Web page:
The Passing of Senate Bill 200 and What It Means for You

June 5, 2018

On Monday, June 4, Governor Hickenlooper signed Senate Bill 18-200 (SB 200) into law. You’ll recall from our earlier blog post that this legislation was introduced to the Colorado legislature back in March as a means of addressing PERA’s unfunded liability and securing the plan’s financial health now and in the future.  

How did we get to this point? The “Pensions 101” blog series that we ran earlier this year delves into this question in further detail, but here’s the long and short of it:

A number of demographic factors, including longer lifespans and lower birth rates, are negatively affecting the sustainability of pensions across the U.S.—including here in Colorado. As a result, Colorado PERA and other defined benefit plans across the country are having to introduce reforms (with varying degrees of success) or even dismantle the plans altogether.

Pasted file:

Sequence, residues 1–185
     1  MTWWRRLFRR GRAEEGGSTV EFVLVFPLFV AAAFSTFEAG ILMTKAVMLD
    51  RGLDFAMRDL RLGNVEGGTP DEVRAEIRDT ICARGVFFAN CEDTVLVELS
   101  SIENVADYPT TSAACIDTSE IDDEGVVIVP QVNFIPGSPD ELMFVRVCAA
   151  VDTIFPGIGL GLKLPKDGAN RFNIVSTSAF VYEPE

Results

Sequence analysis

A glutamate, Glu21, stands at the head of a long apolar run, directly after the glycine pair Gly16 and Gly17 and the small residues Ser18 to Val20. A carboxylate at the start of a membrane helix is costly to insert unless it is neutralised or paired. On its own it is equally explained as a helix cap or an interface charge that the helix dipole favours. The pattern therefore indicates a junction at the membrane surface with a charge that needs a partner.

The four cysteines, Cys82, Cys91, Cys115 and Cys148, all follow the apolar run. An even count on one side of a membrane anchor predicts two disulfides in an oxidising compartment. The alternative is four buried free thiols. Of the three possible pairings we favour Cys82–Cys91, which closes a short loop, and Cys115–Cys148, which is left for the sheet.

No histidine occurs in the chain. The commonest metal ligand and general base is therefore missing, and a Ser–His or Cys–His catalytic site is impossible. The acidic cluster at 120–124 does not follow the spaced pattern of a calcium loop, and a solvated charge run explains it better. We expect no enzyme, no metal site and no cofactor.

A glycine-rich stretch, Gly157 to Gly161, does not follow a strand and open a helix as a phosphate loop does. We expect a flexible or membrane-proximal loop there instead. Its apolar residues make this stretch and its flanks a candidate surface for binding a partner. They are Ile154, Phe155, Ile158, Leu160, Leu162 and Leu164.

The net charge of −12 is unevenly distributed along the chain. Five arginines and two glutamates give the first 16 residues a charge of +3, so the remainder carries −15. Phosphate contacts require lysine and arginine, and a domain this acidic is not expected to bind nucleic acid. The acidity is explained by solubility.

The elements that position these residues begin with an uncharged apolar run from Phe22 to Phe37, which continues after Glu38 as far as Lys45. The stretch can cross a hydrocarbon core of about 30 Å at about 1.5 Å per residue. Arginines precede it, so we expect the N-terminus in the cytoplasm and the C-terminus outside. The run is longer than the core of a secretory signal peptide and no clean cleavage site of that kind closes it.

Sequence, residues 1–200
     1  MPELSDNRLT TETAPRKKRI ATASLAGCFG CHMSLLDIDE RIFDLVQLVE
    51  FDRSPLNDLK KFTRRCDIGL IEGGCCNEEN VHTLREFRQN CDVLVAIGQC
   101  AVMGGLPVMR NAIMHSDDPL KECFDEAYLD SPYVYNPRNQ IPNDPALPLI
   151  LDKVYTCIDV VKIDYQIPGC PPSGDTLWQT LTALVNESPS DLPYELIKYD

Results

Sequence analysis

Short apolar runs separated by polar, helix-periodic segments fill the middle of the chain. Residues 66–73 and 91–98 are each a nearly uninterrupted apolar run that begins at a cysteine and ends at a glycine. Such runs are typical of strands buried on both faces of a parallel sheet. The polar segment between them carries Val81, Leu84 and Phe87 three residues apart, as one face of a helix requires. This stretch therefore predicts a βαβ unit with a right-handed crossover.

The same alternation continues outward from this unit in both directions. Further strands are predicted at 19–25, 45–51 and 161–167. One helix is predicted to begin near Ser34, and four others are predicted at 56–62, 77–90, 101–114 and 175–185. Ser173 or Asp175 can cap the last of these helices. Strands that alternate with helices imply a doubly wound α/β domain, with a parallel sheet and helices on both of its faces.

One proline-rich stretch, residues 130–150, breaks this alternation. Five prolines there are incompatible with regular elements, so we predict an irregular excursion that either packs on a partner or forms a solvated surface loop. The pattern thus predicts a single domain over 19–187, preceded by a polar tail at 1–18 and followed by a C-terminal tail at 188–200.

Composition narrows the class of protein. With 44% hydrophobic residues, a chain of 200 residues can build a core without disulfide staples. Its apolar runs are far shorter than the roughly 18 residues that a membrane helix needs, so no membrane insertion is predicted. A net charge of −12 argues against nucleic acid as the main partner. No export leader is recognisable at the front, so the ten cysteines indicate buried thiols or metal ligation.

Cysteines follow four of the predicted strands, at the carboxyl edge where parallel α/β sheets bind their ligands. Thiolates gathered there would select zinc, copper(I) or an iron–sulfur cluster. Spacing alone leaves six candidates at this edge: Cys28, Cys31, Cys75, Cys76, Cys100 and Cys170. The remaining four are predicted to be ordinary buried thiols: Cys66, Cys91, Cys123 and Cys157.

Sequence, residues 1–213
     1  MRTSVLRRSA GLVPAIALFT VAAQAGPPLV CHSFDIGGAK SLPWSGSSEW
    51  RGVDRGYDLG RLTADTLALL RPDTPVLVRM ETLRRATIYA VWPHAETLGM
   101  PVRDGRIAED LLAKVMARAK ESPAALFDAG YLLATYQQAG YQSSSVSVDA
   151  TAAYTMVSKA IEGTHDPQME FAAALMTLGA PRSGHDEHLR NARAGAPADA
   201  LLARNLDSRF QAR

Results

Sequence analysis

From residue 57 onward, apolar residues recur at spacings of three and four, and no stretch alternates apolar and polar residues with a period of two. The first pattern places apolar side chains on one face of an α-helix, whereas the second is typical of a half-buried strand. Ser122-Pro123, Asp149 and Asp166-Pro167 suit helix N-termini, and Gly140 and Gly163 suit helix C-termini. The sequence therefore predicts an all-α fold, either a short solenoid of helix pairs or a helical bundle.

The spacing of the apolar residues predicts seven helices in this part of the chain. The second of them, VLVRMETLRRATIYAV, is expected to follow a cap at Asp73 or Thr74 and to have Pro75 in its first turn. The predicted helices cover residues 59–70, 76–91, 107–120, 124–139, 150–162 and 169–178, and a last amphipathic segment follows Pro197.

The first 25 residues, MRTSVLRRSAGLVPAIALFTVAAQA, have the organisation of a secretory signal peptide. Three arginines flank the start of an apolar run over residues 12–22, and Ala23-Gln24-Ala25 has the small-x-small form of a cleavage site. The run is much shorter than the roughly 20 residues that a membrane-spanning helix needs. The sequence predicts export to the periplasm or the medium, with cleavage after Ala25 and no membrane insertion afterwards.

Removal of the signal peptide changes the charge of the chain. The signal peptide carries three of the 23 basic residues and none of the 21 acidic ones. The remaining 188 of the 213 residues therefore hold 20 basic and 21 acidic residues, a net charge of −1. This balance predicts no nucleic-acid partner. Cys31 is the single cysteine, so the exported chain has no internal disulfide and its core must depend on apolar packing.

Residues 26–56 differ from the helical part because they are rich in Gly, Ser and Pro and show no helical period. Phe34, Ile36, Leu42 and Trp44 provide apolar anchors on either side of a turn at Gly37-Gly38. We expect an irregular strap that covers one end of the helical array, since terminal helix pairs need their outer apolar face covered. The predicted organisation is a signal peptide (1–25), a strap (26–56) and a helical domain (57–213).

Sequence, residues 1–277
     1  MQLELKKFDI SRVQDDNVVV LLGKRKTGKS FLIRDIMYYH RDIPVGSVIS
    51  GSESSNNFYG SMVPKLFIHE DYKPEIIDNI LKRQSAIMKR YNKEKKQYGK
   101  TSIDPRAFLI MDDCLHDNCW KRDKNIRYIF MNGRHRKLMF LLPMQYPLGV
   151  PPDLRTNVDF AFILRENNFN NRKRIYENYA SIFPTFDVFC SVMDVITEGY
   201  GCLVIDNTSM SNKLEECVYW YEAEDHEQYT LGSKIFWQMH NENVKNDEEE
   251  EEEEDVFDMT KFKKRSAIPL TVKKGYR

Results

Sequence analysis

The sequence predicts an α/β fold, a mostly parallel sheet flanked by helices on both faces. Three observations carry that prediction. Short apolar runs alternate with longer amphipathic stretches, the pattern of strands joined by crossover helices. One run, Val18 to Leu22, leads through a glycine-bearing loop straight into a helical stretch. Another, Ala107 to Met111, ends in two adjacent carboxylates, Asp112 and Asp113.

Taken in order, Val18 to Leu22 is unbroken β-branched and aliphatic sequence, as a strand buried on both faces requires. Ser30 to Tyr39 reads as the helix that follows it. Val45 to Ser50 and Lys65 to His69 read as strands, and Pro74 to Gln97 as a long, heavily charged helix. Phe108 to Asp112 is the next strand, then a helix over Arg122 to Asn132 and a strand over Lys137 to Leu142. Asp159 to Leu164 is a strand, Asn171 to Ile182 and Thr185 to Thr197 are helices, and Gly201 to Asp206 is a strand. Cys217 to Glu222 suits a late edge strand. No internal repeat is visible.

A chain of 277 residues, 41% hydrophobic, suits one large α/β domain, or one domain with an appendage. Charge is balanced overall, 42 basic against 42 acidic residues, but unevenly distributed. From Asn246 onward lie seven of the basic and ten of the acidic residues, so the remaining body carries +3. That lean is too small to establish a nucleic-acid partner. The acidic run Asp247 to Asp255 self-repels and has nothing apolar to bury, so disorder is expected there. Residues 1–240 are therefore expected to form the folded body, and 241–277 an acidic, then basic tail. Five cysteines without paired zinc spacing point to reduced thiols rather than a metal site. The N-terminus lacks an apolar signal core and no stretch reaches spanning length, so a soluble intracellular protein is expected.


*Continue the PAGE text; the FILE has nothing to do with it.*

To ensure that PERA doesn’t go the way of the latter, the PERA Board of Trustees proposed a recommended package of changes last fall with the goal of decreasing the amortization period—the amount of time it takes for the plan to reach full funding—to 30 years or less.

Many of the tenets of this proposal were ultimately reflected, in one way or another, in Senate Bill 18-200. (Click here for a side-by-side comparison of the Board’s recommendations to the final bill’s provisions). While not all of the changes will be easy, the legislation passed, in the words of Governor Hickenlooper, “is an example of a genuine Colorado compromise.”

If you’re a current or former PERA member, you’ll be receiving a mailing in the next week or so detailing how the provisions of SB 200 will affect you. If you just can’t wait to find out, though, take a look at the fact sheet we’ve included below. (You’re welcome.)

The process to get to this point has been a long one—but oh so worth it. With the passing of SB 200, PERA members can rest assured that their defined benefit plan will be there for them in their retirement. (And as we covered previously…the future might not be nearly as bright for Social Security.)